Pressurising Cast Resin

I have looked at several YOU Tube videos of turned resin/wood turned items, mostly of USA origin, nearly all of which place newly poured in a pressure pot for 24-48 hours.
Is it NECESSARY to pressurise?
Addition equ9ipment would cost £250 or more most likely.

Nevertheless am trying a largish bowl and small item simply cast and air cured. Incidentally found the resin needed many days to harden, resorting to airing cupboard after about a week.

Would REALLY appreciate any tip about resin/wood castings.

Depends on the resin. Some people just pop the bubbles at the top with a heat gun/blow torch.

I was doing a project that needed crystal clear resin 100 times so it paid for the pressure pot so use it every time.

Using pressure is necessary if you want crystal clear bubble free castings and allows you to cast deeper than without pressure. If you are going to be doing a lot of large items such as bowls you really don’t want to risk getting large trapped bubbles which will ruin your blank and end up wasting large amounts of expensive material. I cast with epoxy and have successfully made a few small blanks with barely any bubbles. I have also had a few blanks where I’ve had really large trapped bubbles rendering the blank unusable. If you are casting with embedded objects you will most certainly get bubbles if you aren’t using pressure. I would recommend investing in a pot if you plan doing this regularly as resin is just too expensive to risk wasting it. If you end up deciding it’s not for you I’m sure you would have no problem selling the pressure pot on.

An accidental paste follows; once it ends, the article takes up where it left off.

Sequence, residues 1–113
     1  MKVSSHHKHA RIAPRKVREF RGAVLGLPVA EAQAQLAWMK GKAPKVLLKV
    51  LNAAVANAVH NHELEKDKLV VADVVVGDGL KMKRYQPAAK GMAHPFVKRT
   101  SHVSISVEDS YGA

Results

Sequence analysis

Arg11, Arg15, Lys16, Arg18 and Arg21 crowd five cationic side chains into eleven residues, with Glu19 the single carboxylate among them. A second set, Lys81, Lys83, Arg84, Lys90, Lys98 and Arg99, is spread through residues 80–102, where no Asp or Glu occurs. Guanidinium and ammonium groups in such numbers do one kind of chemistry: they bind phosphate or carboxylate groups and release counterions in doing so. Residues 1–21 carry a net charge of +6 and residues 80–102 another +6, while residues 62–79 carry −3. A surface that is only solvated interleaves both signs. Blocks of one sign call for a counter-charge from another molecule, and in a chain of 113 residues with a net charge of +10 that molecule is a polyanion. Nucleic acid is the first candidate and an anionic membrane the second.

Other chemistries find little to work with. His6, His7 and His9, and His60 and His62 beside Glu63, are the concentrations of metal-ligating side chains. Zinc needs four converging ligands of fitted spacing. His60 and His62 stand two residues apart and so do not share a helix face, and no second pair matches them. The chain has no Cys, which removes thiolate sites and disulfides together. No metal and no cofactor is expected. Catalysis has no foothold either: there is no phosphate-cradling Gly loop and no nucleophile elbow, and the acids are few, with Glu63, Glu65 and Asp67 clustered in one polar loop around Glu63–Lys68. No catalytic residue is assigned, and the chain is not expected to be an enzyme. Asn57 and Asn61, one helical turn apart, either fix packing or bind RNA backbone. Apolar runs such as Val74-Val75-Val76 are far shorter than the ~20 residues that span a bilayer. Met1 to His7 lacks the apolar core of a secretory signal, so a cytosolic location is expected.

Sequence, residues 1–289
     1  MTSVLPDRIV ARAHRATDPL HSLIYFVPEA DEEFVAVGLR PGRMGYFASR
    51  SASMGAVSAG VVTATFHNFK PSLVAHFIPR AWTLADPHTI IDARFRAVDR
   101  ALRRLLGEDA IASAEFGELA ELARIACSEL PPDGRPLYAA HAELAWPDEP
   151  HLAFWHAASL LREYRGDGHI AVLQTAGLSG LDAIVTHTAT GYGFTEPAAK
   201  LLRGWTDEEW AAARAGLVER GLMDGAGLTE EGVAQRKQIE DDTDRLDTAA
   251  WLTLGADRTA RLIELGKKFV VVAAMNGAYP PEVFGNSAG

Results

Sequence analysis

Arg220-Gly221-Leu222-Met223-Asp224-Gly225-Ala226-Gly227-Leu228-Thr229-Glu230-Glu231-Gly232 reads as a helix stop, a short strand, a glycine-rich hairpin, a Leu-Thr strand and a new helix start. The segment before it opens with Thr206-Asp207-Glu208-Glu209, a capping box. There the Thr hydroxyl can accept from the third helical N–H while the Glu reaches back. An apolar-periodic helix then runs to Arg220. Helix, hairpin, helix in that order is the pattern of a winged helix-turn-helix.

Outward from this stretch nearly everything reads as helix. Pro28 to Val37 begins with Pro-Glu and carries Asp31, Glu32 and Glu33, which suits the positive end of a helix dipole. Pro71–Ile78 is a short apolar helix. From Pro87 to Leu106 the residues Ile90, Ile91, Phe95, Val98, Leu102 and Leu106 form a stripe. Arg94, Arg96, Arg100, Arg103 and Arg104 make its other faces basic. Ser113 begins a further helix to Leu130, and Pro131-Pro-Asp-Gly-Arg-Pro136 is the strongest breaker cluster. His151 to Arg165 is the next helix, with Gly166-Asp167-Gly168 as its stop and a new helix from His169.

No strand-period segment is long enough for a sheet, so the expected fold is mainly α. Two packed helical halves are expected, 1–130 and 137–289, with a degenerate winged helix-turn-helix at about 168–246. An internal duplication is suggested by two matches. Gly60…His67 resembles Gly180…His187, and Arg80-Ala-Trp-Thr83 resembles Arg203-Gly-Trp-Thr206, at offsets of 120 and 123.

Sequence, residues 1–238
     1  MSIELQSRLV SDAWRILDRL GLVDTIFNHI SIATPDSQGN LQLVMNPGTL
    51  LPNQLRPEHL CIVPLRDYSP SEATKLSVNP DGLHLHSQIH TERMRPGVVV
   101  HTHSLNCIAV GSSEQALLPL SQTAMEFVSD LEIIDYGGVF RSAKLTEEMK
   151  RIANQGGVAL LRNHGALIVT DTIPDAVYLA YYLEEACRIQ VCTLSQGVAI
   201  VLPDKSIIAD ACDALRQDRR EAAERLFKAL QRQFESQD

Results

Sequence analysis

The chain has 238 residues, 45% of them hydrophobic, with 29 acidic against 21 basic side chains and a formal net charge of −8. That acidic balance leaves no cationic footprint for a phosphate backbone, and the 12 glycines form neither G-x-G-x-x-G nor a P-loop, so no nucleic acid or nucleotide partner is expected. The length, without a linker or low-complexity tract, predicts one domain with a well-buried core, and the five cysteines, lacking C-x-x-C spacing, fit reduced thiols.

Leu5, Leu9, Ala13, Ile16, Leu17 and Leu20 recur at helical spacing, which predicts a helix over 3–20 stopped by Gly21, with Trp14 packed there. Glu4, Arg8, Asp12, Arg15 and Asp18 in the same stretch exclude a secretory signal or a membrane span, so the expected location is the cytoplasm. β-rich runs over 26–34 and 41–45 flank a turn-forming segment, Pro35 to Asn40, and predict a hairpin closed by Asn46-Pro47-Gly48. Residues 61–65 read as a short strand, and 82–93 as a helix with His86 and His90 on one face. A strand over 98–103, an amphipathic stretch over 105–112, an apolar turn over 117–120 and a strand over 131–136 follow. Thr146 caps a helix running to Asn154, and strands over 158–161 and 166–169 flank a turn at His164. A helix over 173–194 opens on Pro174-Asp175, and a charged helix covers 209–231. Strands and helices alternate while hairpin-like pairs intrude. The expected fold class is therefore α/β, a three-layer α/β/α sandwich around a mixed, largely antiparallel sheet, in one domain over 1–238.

Thank you for the reply Burt, I had hoped to avoid buying a pressure pot AND also a compressor, as so wisely put it’s a matter of deciding do I want to really “get into it”.

Good point about possibly selling on though.

Thank You again

Yep Burt 25 gave great advice and covered alll the bases. Bubbles are the problem and I have cast resin only to be disapointed buy the amount of bubbles trapped. However, depending on what you are combining the resin with, you canfind a low viscosity resin that takes longer to set which allows bubbles to rise to the surface and pop. Its alway a good idea to “paint” the wood parts touched by the resin to seal in any bubbles /moisture, But if your using a nice piece of timber and want a crystal clear resin… Pressure is the way to go…Good Luck

I took the plunge about 1 1/2 years ago and bought the pressure pot and compressor - haven’t looked back as working with resin is so addictive and the possibilities are limitless. The pressure pot will let you use whatever type of resin you choose. Heat is also very important and I would recommend making yourself a heat box (really cheap) let me know if you need more info.

I read this string and wondered mightily. Gasses dissolved under pressure coming out of solution when the pressure drops is what causes the bends in divers.

So why don’t at least some ‘pressurised’ blanks shatter when depressurised e.g during turning? It’s not as if pressurising totally stops gas production, surely it just minimises bubble growth?

Quite true… the way i understand it is that the bubbles remain but are reduced by the pressure to microscopic size invisable to the naked eye. I am in the process of my first bowl and resin project so just deciding if i will use a resin capsulating or coating method. Its a obe shot deal so if it goes wrong its goodbye to the bowl…

Good luck!
Having started this thread I have yet to have success, BUT learning from the responses and various YouTube posts. One thing above all other becomes plain, there is a LOT of variables, i.e. resins, hardeners, accelerators etc etc, not to mention methods.
I will definitely invest in pressure pot before further exploration!

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Its a learning curve i guess…fingers crossed lol

Happy turning

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